|By MARCUS FRANKLIN|
Associated Press Writer
NEW YORK- A college student was charged with impersonating a federal agent after a routine traffic stop led police to forged law enforcement paraphernalia and a cache of weapons in his bedroom, prosecutors said Wednesday.
Stephan M. Kishore's masquerade came to an end after a Port Authority of New York and New Jersey police officer stopped his minivan Monday afternoon near Kennedy Airport for changing lanes without signaling, prosecutors said.
Kishore's alleged conduct exploited the public's trust in the police and put the lives of officers in jeopardy, prosecutor Richard Brown said in a statement.
The officer said he noticed a large police decal on the minivan's rear door and red and blue strobe lights on the dashboard. There also were two Homeland Security Department parking placards on the dashboard, prosecutors said.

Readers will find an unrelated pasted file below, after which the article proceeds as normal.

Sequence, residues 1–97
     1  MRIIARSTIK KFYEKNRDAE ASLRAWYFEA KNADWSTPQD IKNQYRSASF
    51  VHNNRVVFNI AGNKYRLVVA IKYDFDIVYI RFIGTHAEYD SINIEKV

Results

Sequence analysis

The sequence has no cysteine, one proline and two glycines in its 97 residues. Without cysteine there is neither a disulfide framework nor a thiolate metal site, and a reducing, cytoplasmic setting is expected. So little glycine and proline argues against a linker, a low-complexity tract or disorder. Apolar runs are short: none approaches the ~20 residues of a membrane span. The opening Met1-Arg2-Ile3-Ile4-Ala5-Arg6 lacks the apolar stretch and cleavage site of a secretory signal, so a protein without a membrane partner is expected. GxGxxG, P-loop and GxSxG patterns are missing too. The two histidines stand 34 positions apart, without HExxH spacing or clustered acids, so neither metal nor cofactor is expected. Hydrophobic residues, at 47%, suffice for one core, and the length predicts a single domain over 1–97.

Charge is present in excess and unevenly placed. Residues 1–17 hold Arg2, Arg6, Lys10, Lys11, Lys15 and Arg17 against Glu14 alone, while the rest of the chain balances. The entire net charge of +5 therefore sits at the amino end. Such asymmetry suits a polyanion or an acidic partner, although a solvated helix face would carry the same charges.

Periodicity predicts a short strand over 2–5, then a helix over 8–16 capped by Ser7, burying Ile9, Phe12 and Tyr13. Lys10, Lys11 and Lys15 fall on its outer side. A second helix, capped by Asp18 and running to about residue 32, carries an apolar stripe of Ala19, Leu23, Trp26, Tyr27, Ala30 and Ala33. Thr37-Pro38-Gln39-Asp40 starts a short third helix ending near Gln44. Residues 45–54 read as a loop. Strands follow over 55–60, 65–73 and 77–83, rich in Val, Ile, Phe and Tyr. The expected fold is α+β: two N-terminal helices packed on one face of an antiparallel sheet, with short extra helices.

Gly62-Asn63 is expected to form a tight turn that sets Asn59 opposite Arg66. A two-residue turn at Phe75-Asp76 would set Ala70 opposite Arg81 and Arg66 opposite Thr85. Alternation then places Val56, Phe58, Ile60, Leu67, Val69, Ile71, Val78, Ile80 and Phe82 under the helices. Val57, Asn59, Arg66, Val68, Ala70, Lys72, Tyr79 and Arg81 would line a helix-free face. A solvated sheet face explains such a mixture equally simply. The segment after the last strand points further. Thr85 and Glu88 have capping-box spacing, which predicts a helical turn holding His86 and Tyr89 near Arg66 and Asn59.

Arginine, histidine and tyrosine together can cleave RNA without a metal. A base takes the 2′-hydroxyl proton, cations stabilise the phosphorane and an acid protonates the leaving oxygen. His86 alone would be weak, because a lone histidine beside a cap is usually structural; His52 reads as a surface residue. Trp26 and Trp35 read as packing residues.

Kishore, 20, who is from Trinidad but lives in the Bronx, then showed the officer a phony Homeland Security ID card and shield, prosecutors said.
The officer became suspicious when he read on the back of the shield: "CopShop.com, Collectible Badge, Not For Official Use." CopShop, based in Florida, calls itself the online mall for sheriff's office badges, state trooper patches, collectible pins and law enforcement apparel.
Kishore admitted he was not a police officer and had made the ID card on his home computer, prosecutors said.
He also admitted he had templates to make insignia and credentials for numerous police agencies and had several federal and local police ID cards, two stun guns, two pellet guns and two starter pistols in his bedroom, prosecutors said.
Bernice Kishore said her nephew had been taking flying lessons at LaGuardia Airport.
"But he isn't political. He would never be a threat like a terrorist," she said, reached at her home in Trinidad. "He's really more of a big kid. He's kind of childish."
He was arraigned Tuesday night on criminal impersonation and forgery charges, District Attorney Richard Brown said.
Kishore, a student at York College in Queens, was being held Wednesday on $50,000 bail. He could face seven years in prison.
Associated Press writer Adam Raney in Trinidad contributed to this report.